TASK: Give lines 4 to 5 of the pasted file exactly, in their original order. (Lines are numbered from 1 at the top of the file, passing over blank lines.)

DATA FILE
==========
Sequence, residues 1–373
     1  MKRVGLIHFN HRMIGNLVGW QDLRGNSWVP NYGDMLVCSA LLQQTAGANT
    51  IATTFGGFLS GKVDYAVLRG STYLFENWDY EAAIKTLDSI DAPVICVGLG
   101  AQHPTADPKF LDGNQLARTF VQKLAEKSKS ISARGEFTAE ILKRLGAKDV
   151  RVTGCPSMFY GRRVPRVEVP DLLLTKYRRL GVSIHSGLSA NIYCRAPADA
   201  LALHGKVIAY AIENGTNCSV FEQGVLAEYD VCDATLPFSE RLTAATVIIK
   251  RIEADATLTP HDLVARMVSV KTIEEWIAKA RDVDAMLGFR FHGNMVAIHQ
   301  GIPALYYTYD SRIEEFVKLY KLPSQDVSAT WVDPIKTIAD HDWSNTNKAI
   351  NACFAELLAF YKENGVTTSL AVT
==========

   101  AQHPTADPKF LDGNQLARTF VQKLAEKSKS ISARGEFTAE ILKRLGAKDV
   151  RVTGCPSMFY GRRVPRVEVP DLLLTKYRRL GVSIHSGLSA NIYCRAPADA